By Ross Newhan
I do not fault Stan Kasten and the new ownership of the Dodgers for posting a letter to fans in which they claimed that "Dodger Pride Is Back."
Neither do I blame them for boasting of modest and immediate improvements in security, some concession areas and investments in international scouting and signings.
A more telling impact in relation to the new ownership's aggressiveness and financial availability could be determined before the July 31 non-waiver trade deadline.
Beyond the health of the returning Matt Kemp and Andre Ethier, the Dodgers need a first baseman, third baseman and shortstop, unless you are thinking Ozzie Martinez can be more than just a shadow of Dee Gordon, whose loss for six weeks or so on the eve of the All-Star break was a major setback.
One more reliable starting pitcher also wouldn't hurt if the cracks that began to appear in Manager Don Mattingly's first half mirrors are going to be repaired amid the pressure and reality of the second half.
Of course (and pardon the cliche) it takes two to tango, and no matter how aggressive General Manager Ned Colletti attempts to be with Guggenheim Baseball's wallet, you can't make a trade by yourself.
As I have written previously, the new playoff system provides for two wild card teams in each league.. At the break, almost two thirds of the 30 teams are statistically alive. Are they alive enough to trade a prospect or a significant player in an attempt to improve--and improve the team with which they are negotiating?
Sometimes, more isn't better, and all of these potential wild card teams--as I have noted previously-- may be delude into thinking they are already set, and the trade market could be comparatively quiet.
Whether the return of Kemp and Eithier alone is enough to allow the Dodgers to hold off San Francisco and Arizona in the West and the onslaught of all those other potential wild card teams is a significant risk.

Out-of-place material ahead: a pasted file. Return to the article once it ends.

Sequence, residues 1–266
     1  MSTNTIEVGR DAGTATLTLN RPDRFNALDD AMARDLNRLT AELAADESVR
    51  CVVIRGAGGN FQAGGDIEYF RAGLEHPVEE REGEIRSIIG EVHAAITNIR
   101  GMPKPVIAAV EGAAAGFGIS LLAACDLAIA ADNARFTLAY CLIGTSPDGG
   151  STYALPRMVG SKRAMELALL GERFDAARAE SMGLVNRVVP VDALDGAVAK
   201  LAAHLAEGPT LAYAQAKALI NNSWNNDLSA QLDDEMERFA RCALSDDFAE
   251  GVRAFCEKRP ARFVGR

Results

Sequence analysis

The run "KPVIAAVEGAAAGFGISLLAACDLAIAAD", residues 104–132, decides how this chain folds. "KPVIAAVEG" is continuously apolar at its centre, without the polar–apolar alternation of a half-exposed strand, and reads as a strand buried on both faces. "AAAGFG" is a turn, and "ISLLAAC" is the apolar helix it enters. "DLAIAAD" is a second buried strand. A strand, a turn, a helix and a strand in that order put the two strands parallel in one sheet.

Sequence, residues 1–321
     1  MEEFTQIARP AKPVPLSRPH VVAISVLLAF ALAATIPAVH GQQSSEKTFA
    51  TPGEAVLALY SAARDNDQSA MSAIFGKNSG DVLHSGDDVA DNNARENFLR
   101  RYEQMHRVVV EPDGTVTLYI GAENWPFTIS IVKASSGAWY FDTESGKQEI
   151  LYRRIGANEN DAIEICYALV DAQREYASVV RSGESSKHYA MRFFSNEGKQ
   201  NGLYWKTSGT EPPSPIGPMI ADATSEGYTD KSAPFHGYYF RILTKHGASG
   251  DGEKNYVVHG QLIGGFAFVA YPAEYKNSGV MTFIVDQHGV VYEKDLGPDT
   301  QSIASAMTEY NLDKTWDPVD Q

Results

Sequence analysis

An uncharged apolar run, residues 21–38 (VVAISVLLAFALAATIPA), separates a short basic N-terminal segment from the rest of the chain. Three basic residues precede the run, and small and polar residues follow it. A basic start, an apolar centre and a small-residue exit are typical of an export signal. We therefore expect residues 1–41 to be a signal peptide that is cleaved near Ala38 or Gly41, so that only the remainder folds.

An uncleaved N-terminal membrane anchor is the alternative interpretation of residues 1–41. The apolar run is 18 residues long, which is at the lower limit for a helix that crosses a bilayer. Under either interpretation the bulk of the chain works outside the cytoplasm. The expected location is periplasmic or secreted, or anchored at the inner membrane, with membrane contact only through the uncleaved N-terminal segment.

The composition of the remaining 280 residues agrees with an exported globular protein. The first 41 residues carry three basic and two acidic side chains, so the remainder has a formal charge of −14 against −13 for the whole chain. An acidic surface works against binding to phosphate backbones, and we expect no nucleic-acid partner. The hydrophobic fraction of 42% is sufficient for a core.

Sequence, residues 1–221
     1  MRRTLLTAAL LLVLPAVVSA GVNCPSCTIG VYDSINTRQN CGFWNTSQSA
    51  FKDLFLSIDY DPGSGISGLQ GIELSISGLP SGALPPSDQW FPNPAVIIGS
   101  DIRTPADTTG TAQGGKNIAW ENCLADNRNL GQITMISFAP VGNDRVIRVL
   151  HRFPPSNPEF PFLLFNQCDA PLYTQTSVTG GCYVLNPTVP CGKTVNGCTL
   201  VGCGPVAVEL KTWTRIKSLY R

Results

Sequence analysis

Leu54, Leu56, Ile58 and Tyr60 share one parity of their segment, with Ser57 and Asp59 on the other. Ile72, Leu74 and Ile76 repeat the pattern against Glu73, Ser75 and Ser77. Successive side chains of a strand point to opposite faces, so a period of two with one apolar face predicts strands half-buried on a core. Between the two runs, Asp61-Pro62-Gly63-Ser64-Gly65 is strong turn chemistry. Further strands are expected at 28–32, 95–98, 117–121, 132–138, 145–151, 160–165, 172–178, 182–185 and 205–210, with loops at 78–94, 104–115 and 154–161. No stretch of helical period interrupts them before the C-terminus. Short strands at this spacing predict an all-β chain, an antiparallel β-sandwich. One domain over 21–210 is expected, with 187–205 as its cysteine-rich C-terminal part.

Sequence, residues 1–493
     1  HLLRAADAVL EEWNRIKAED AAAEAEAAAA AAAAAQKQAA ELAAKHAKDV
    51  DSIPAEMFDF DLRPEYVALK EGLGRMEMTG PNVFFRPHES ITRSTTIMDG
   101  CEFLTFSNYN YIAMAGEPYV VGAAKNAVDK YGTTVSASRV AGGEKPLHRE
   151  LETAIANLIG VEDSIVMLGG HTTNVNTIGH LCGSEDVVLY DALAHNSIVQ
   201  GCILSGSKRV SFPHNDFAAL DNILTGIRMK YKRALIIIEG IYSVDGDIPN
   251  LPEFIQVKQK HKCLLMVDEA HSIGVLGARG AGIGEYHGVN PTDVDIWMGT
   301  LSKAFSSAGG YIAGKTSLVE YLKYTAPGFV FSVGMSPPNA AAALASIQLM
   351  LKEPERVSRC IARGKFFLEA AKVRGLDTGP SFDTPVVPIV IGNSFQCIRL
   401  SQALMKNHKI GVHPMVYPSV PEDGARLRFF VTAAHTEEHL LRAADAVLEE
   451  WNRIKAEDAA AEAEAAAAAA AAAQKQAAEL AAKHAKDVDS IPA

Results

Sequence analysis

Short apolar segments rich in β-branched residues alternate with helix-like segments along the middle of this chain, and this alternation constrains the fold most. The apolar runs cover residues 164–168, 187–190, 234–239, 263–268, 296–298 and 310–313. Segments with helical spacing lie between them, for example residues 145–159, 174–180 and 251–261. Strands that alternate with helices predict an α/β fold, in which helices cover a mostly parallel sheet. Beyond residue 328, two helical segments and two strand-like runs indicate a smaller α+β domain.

If the new ownership really wants to do some boasting, a major trade is needed, although what the Dodgers can find to give up out of a sadly barren farm system isn't immediatly apparent.
The Angels also face a tell-tale July.
They have the best record in baseball (42-24) since the April 28 arrival of Mike Trout, but they face a murderous schedule starting in New York Friday night, and what once seemed to be the best rotation in baseball has been pretty much reduced to Jered Weaver and C.J. Wilson now that Dan Haren is on the disabled list, Ervin Santana is 4-9 with no indication of improvement and the fifth starting spot is pretty much a game of musical chairs.
General manager Jerry DiPoto could trade Peter Bourjos but has voiced reluctance to do that, and no one is anxious to help a team that has been drawing national attention since the signing of Albert Pujols, the arrival of Trout and the continued development of Mark Trumbo. DiPoto also faces a potential roster clouding decision when Vernon Wells comes off the disabled list with two years and $42 million left on his contract.
The immediate hurdle, however, is the schedule.
Starting Friday night the Angels play 13 consecutive games against division leaders New York, Texas and Chicago, plus seven against division contending Detroit and Tampa Bay.
Both the Angels and Dodgers have shots at their division titles, along with wild card entry to the playoffs. It is interesting that what they do--on and off the field--in the first three weeks of the second half could determine their fate.